Diane’s Each Body is a Miracle | Lakou NOU Recap

12.13.17

Diane Exavier, Lakou NOU 2017 artist resident in East Flatbush, describes her project Each Body is a Miracle, as “…a social praxis; a play in retreat; an exploration of health, wellness, and creativity in East Flatbush.” The project, inspired by her original play Good Blood, allowed her to delve deeper into the issues and themes of the play: immigration, partnership/intimacy, and health — via research, community crafting, and social practice.


She offers:

From the journey of Caribbean immigrants as part of the African Diaspora to the arrival of the global epidemic of AIDS in 1980s New York, Good Blood crosses language, time, and even the ocean in an attempt to question the contracts we make, the conditions we live under, and what it means to reach for a love that might outlive you. This fall, Each Body Is a Miracle offers the community of East Flatbush a chance to ask some of the same questions the play’s characters tackle: How do we live every single day? How does that help us take care of our bodies? What are the conditions we agree to in order to do that?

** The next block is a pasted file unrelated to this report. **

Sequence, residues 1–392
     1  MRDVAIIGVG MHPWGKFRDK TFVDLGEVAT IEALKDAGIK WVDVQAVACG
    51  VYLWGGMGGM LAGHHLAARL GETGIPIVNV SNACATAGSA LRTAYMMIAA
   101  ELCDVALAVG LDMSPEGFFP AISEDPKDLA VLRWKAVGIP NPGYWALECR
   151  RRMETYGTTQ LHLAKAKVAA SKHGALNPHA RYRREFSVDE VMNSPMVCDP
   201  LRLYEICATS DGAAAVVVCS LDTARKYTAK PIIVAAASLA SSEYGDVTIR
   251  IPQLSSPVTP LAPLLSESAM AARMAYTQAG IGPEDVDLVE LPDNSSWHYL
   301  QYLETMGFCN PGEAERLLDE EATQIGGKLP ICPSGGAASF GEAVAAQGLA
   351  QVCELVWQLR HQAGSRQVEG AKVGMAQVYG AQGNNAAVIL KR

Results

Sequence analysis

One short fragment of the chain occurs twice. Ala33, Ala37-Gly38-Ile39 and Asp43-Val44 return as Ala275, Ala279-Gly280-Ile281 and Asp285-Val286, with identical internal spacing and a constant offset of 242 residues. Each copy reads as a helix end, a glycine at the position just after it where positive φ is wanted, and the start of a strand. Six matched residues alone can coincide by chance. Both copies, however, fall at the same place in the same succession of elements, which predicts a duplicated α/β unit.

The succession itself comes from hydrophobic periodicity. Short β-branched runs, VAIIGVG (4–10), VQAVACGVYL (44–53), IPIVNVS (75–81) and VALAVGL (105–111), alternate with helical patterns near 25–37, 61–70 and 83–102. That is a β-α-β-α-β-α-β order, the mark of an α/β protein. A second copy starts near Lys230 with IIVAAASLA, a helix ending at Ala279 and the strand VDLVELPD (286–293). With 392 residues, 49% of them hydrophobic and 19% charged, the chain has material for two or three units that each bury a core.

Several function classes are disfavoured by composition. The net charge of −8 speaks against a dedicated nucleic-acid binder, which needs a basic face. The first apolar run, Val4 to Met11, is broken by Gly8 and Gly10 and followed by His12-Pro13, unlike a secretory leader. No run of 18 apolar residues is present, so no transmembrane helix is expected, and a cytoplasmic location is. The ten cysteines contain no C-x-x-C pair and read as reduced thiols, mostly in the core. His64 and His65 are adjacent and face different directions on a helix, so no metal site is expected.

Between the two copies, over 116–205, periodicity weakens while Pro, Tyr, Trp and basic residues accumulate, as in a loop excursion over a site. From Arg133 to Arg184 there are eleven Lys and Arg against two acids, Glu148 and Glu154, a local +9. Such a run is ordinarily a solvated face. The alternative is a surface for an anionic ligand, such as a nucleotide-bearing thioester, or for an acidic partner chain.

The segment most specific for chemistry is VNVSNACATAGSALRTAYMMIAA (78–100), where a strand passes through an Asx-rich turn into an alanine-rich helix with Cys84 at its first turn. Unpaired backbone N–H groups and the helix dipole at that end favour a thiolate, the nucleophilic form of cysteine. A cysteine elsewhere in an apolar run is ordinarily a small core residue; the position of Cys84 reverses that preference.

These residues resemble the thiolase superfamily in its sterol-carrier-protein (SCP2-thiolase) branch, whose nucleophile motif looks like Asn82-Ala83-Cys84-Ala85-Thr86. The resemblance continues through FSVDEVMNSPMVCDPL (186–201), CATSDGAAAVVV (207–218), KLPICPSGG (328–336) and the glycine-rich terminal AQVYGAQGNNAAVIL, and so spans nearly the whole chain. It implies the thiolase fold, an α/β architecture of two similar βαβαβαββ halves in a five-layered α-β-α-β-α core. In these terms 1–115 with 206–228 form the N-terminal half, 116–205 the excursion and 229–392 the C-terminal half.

She segmented her project into three parts: 1) field notes, where she asked, what health issues are most affecting the lives and bodies of Haitian community members in East Flatbush today? 2) community crafting, where she facilitated a floral crown making workshop, related to the Haitian traditional practice of plasaj, and 3) reportage, an exercise in active dramaturgy, combining research and documentation with live performance.

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On November 9th, at the East Flatbush Branch Brooklyn Public Library, Diane presented part 2: Crown Crafting. The workshop was filled with youth visiting the library on that day. She reflects on this in her project’s tumblr writing: